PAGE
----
As was first reported on RunBlogRun, this weekend Competitor Group, Inc. (CGI), owner of the Rock and Roll race series, the Carlsbad 5000 and numerous running, cycling and triathlon-related publications (including Women’s Running Magazine) announced they are cancelling their elite athlete program for the North American races in their series, effective immediately. Meaning right now. Meaning athletes who were all set to race in Philly in two weeks have had their appearance and travel fees pulled.
A Race Results Weekly article quoted CGI’s elite athlete coordinator Matt Turnbull: “Competitor Group has made a strategic business decision to shift resources in the business. As a consequence the Elite Athlete Program in all North American events has been cancelled with immediate effect.” Essentially, CGI will no longer be paying appearance fees or travel and accommodation costs to elite and professional athletes who compete in their races. Prize money, which has already been slashed over the recent years, will remain … for now.
It’s no surprise that this seemingly abrupt change of policy has sent the running media into a bit of a frenzy. Some, including commenters on this LetsRun thread felt it was a prudent decision, that the money spent on the few speediest runners is better spent providing more perks to the majority of the participants. Others, like American 50k record holder Josh Cox, see it as a statement about the overall state of elite running in the U.S. and a wake up call to the elite and pro ranks to work harder to market themselves. Many agree with part of Cox’s statement, saying that this is emblematic of the overall decline in the support and quality of elite and professional running in the U.S.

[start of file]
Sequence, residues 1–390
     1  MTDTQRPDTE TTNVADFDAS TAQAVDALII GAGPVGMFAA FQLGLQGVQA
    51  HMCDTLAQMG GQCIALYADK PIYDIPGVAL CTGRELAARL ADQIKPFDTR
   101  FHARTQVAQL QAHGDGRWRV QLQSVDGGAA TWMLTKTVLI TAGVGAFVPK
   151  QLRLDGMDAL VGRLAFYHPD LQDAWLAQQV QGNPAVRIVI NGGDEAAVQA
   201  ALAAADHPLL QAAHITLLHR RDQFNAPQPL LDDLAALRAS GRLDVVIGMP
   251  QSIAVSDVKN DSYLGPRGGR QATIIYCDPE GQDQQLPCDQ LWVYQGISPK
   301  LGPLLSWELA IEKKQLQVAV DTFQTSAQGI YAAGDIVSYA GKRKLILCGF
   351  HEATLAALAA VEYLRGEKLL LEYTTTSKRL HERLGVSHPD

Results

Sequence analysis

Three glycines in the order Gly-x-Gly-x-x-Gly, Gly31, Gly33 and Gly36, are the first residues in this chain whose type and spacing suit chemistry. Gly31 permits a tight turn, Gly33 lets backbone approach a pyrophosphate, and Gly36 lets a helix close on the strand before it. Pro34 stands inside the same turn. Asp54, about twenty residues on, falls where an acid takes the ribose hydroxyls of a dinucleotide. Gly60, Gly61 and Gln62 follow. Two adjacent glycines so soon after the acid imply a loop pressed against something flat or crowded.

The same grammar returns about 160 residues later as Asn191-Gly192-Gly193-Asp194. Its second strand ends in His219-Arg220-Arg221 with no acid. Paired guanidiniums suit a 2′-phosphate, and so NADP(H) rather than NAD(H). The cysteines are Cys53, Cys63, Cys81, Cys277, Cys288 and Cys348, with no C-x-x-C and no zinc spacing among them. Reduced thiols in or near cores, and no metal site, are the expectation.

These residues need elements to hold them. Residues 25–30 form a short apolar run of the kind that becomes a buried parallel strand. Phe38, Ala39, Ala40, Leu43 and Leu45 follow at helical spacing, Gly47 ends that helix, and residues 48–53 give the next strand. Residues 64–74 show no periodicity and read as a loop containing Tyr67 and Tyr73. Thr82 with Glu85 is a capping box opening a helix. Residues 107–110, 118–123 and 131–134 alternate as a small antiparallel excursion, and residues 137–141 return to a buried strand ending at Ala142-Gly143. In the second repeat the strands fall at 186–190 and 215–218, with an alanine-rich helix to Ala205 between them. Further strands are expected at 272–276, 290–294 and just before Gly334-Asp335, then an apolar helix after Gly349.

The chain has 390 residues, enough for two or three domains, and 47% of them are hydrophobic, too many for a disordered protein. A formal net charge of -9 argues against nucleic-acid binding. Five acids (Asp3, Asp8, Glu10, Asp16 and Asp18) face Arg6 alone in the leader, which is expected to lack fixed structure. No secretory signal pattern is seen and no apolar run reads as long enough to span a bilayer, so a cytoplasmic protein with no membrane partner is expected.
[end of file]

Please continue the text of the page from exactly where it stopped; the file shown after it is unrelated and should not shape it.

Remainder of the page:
Personally, I have a different take.
Before I give my opinions, a little background. As with all controversies there is more to the story than the headlines.
First, CGI has actually been reducing prize purses for its races over the past 5 years while at the same time significantly increasing the number of races in its portfolio. According to running commentator Toni Reavis, when Elite Racing became CGI in 2007 the total prize purse for 6 Rock and Roll events was $1.6 million, or $267,000 per race. Last year the total prize purse for 30 RNR events was just under $1 million, or $33,000 per race. Second, in 2007 Elite Racing was sold to a private equity firm (which used it as the cornerstone of CGI) and in late 2012 it was sold again, this time to another firm called Calera Capital.
When a company is acquired by a private equity firm the focus of the corporation shifts from being about the spirit of the product or the mission of the founders to, quite simply, the bottom line. If an aspect of the business isn’t maximizing potential profit then it must be reconsidered, restructured or eliminated. I am sure that is a simplification of the situation; it is also an overwhelming accurate generalization.
As I have pondered this announcement and done research, I have become a bit perturbed with Josh Cox and Toni Reavis’ suggestion that much of the blame lays with the pro athletes themselves for not doing more to market themselves. What they fail to acknowledge is that the majority of the elite American runners simply do not have the luxury to support themselves by selling products for sponsors. USATF employs strict rules governing an athlete’s ability to accept and market sponsorship that severely limit American athletes’ abilities to secure sponsorship income sufficient to provide them with a living wage.